Tying into this week’s release of the very intriguing Aliens #1 by Phillip Kennedy Johnson and Salvador Larroca, I’m looking back at a quintet of fantastic artists who played in the toy box built by H.R. Giger at Dark Horse in the early 90s! It’s a real murderer’s row of talent.
If you’re curious about the Blumhouse.com article I mentioned, you can read it here. It took me way too long to find it!
I’ve never actually read the Dark Horse comics that Timecop is based on. I don’t think that hinders or adds to my viewing experience, I just figured I’d throw that out there. I do remember thinking it was cool when I read that the movie was based on a comic book, though, because the early 90s were not a good time for such things and, at the time, any comic book-based movie had my immediate support. In a theoretical sense at least. I didn’t actually see TimeCop until years later, but it’s still a fun 90s action movie that I hold in relative esteem (or as much esteem as one can hold for a somewhat goofy time travel action movie starring Jean-Claude Van Damme).
So, your basic premise here is that a younger version of JCVD gets hired to work as a time cop. I’m not exactly sure how criminals are gaining access to time travel and using it to the point where an entire organization needs to be created to stop them, but whatever. In the mid 90s, VD’s wife is killed in an assault on their house (it’s not really a spoiler because it happen in the first 20 minutes or so). We jump an undesignated amount of time into the future (his hair is long now) and Van Damme’s an established time cop who stumbles upon a senator’s plan to go back in time to make money for his presidential campaign. The interesting thing about this is that it’s not entirely a greed-based scheme with the villain claiming at one point that the president needs to have enough of his own money so he’s not falling prey to bribes and such. The trouble is that the senator is well connected and has access to his own time travel machine, which he uses to actually change the past, which causes considerable trouble for JCVD.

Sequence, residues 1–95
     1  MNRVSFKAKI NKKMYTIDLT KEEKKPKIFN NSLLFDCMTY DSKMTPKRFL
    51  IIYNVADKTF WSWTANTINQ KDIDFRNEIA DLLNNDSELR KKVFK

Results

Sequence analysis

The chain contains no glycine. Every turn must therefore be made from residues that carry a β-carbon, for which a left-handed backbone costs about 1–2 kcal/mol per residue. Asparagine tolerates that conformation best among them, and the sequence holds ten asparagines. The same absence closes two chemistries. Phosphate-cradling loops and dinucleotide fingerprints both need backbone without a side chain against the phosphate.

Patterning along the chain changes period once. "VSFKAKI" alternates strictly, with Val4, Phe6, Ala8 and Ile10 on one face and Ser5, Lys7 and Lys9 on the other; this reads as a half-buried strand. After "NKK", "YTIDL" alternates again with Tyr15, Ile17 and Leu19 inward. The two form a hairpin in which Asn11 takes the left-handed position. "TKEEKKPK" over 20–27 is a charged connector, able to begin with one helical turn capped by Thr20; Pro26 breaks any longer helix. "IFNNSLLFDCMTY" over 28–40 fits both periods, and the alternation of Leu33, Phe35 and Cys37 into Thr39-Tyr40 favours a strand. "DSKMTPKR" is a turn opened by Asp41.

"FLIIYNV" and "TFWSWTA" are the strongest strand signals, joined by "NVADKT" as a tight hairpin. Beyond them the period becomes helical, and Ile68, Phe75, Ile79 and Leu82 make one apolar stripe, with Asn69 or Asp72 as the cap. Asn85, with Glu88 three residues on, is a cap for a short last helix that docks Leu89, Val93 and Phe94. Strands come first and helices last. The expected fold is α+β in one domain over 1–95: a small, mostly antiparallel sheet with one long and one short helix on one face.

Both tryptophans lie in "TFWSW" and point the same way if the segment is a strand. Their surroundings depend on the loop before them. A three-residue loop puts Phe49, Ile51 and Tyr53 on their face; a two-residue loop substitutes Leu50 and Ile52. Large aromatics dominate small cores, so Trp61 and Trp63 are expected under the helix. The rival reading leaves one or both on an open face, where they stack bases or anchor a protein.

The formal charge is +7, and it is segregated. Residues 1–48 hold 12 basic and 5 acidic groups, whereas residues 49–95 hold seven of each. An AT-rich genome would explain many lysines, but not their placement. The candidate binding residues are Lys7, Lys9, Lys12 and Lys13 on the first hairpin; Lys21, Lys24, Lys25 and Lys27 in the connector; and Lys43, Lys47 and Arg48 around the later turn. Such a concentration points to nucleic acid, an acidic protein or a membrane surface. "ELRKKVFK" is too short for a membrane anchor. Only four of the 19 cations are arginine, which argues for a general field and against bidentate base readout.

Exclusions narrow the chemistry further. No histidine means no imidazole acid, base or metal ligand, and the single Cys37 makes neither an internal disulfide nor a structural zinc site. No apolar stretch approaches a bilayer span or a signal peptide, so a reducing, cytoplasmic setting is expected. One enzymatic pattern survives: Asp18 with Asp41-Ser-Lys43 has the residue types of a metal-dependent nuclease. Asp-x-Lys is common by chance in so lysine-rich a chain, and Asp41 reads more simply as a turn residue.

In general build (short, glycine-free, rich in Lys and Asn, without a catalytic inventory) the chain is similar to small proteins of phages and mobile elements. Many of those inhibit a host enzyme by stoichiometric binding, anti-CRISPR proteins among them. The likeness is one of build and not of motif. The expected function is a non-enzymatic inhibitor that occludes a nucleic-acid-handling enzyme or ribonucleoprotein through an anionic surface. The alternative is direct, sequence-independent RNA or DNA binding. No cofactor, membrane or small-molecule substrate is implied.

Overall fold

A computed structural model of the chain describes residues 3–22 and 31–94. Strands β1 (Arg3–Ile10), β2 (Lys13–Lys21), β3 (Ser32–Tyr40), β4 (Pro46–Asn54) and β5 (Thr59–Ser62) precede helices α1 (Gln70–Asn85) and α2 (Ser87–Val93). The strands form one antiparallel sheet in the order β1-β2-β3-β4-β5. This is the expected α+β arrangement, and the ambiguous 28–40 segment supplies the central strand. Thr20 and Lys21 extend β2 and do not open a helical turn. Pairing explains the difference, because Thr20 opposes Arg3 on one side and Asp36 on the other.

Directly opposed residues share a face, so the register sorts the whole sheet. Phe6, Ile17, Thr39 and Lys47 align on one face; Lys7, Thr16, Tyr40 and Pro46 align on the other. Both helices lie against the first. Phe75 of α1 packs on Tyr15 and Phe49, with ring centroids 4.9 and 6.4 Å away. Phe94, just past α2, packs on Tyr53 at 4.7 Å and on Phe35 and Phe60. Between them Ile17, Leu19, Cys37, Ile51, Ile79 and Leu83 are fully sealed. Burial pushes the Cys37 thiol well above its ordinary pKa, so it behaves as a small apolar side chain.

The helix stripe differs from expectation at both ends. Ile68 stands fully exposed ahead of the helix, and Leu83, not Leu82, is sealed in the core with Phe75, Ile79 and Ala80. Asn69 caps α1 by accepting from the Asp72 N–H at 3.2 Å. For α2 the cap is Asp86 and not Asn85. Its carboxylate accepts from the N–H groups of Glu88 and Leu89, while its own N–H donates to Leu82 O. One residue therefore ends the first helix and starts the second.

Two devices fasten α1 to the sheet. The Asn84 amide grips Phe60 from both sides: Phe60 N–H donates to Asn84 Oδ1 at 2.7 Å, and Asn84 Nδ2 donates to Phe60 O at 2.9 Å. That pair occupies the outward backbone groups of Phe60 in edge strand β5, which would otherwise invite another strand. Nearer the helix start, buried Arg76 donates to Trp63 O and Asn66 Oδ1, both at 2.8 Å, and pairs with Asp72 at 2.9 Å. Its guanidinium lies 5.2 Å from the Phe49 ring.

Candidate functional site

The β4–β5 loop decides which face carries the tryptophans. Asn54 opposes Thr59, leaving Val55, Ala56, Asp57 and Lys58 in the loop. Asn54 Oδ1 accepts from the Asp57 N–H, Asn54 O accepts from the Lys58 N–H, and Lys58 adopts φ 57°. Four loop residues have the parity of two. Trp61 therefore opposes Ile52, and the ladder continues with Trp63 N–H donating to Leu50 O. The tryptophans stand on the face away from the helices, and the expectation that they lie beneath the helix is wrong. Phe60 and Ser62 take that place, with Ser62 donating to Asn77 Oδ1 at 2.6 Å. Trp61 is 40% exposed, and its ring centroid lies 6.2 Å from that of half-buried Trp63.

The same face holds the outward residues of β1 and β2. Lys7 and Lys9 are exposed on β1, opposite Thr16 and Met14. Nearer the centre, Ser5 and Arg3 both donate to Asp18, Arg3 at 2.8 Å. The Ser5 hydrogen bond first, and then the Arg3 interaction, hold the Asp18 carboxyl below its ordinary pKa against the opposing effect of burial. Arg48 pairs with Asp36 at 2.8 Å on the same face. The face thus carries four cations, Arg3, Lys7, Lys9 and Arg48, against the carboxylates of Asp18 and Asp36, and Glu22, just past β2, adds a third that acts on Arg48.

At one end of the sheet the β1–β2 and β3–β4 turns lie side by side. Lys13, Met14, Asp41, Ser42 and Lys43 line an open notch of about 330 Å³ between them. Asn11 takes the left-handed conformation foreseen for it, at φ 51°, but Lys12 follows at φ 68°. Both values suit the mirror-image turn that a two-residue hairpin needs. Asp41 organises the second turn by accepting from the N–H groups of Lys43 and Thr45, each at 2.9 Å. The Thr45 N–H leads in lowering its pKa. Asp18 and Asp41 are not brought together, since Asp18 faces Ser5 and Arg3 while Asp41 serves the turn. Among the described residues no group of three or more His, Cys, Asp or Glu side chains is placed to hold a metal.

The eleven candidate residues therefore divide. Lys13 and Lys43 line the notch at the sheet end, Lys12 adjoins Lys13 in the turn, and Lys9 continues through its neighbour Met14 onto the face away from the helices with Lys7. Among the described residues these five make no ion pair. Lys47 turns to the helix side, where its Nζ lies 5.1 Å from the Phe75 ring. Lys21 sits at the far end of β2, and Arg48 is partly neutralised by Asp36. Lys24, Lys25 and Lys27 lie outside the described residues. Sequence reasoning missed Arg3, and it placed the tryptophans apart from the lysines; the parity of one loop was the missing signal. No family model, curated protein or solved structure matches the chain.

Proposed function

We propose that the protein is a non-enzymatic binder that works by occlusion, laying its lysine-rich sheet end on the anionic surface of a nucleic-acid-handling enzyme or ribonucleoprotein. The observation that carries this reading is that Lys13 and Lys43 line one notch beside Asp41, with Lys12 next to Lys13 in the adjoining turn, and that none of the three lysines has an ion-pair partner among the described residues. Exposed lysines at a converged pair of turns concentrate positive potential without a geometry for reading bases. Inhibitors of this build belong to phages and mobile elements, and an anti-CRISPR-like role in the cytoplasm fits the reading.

As you might expect from Van Damme in his ass-kicking prime, the action scenes in this flick are a lot of fun, though there aren’t quite as many as I would have liked. There’s the somewhat famous underwear fight scene where he does the splits on the counter to avoid being electrocuted. I remember seeing that in the trailers from the time. There’s also a pretty huge fight at the end with future JCVD going back in time and teaming up with his past self to fight the senator and his army of henchmen, though it leans a little more towards gun play than all out martial arts action.
Here’s the non-fighting problem with this movie: it doesn’t seem to have a very good grasp of itself from a pacing perspective. The stakes at hand seem pretty high, with time being at stake, but then the movie wraps up in a fight at a cop’s house. Doesn’t that seem a bit anti-climactic? Ah well, I kept expecting more from the movie, even as it was ending, but, to be fair, I had very low expectations for the movie. Overall, the general concept is pretty strong if not very basic (cop’s protecting time). I’d be interested in checking out the comic along with the 2003 straight to DVD sequel. Why aren’t there more time travel action flicks out there? Seems like you could do a whole series of movies on this concept alone with some pretty amazing Thai action stars and some scratch.